If I Only Knew What My Passion Was The two misconceptions about what passion is and how to overcome them

“Just do what you are passionate about.”

This must be among the ‘Top 5 Most Unhelpful Advice of All Time’. If you knew what you were passionate about you would already be doing it, right? The reason you are stuck is because you don’t know what you want. 

But why is it so hard to pinpoint your passion? I have found two common misconceptions that cause many people to get stuck on this subject. 

Misconception #1: Passion is a thing you do 

Many people associate passion with a specific activity or field, such as music, football, or geology. This misses the full picture of what passion is. 

Passion is about engaging in some kind of work that makes you happy. And there are two ways in which a task can bring you happiness: enjoyment and purpose. Enjoyment means you like doing the task for its own sake. Purpose comes from knowing that your work is improving the life of someone else.

Passion = Enjoyment + Purpose

When you associate passion with a thing you do, you focus only on the enjoyment piece. But if you only have enjoyment you have a hobby. Not a passion. Passion is both enjoyment and purpose. 

Misconception #2: There is only one path that will bring you passion

There are countless things you like doing for their own sake. You might enjoy teaching, crunching numbers, cooking, or expressing yourself in writing. There are also endless ways in which you can positively impact the lives of others in a way that feels meaningful to you. Passion isn’t a single path. It’s a feeling you find when you combine enjoyment and purpose. And there are many many ways you can do that. 

A Better Model for Passion

The most accurate passion model I’ve found is Simon Sinek’s Golden Circle. The Golden Circle consists of three different circles: WHAT, HOW, and WHY, which describe the three pieces that make up who you are.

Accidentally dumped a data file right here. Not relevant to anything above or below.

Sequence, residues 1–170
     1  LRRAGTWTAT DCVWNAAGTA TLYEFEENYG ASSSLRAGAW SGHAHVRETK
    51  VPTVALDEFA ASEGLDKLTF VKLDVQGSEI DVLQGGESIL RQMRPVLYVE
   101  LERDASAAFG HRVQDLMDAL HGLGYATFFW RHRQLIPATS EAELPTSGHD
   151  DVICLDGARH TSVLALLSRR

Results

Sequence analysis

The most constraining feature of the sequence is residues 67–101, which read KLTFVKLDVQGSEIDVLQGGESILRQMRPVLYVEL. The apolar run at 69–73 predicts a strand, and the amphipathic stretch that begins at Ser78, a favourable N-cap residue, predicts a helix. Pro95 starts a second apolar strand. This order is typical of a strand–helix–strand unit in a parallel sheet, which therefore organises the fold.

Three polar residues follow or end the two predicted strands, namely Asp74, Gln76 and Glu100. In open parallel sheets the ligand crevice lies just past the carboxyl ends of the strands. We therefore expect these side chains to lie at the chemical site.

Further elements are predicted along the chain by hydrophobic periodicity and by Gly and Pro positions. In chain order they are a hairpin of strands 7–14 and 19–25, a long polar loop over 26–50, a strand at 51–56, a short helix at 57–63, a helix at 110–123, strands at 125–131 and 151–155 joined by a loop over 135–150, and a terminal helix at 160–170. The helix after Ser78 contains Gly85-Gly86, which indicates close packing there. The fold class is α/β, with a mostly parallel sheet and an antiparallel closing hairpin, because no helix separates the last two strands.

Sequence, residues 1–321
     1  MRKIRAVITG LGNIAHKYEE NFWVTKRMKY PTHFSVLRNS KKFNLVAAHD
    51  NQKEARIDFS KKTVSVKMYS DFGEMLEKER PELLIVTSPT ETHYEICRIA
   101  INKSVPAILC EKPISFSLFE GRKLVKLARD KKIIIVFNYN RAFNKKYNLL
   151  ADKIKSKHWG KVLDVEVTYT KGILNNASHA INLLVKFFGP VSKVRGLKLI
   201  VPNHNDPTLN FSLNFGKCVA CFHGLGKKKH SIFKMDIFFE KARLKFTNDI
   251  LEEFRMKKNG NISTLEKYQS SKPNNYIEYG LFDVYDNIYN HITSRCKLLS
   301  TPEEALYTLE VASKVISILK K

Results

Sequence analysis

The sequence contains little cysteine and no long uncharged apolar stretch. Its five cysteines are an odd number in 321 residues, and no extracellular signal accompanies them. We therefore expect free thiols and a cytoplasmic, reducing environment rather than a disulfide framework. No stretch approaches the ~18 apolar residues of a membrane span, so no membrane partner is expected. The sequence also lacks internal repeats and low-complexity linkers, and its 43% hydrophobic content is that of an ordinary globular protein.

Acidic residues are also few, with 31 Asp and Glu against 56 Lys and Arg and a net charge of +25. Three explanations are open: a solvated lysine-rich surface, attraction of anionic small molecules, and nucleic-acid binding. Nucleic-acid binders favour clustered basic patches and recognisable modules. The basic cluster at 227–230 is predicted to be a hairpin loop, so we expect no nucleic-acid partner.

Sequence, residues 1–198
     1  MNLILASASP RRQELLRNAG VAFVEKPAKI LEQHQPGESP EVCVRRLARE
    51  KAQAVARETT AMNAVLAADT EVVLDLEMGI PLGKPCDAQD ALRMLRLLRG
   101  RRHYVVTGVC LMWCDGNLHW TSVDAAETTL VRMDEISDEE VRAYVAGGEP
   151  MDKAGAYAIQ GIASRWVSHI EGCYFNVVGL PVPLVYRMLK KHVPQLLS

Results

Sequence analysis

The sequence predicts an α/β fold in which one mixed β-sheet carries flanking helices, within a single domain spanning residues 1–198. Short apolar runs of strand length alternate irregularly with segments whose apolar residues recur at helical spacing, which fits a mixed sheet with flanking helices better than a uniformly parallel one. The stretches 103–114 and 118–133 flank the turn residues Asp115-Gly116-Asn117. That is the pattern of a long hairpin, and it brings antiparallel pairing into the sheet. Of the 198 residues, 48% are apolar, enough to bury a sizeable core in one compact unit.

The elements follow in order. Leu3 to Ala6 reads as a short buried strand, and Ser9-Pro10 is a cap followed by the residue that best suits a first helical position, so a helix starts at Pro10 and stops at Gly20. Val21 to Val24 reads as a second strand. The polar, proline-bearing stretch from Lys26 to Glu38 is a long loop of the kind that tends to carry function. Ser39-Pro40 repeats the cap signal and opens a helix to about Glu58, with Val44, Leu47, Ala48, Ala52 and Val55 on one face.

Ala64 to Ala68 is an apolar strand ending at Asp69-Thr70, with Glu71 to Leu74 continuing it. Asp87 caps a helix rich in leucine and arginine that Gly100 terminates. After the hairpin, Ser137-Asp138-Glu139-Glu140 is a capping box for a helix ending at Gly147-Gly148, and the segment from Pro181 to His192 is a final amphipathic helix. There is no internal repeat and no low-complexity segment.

• WHAT are the concrete things you do, e.g cook meals as a chef or volunteer as a soccer coach. 
  • HOW are your natural strengths, e.g you are great at solving complex problems or you enjoy meeting new people.
  • WHY is your higher purpose. It’s how you want to contribute and what impact that contribution will have in the lives of others.

My WHY is “To uplift others so that they can achieve whatever matters to them”. I love to help others find clarity and expand their abilities so they are able to experience greater happiness in their lives. 

Two of my HOWs include “Embrace the entrepreneurial spirit” and “Pursue constant improvement”. I naturally look for ways to add value, envision how things could be made better, and start new projects to meet those needs. 

My WHY is the purpose piece of my passion equation. My HOWs are the enjoyment piece. My WHATs are just the concrete things I do to bring my passion to life. 

One of my WHATs has been to start the non-profit academy Eureka that teaches math to students who don’t get enough challenge in the classroom. Another WHAT is working for a company to build a career app that helps people make better decisions about which career path is right for them. And a third WHAT is writing the Success Uplift blog. 

Your passion isn’t a single WHAT. It’s a combination of your WHY and HOWs that is simply expressed as a WHAT. And there are many possible WHATs you can be passionate about. 

So how do you find WHATs that you will be passionate about?

My advice is to focus on defining your WHY and HOWs first. This will help you know what kind of opportunities to look for. To define your WHY and HOWs, I recommend reading Simon Sinek’s book Find Your Why (it’s $11.95 on Amazon). This book was how I found my purpose and strengths. 

What will your WHY and HOWs be?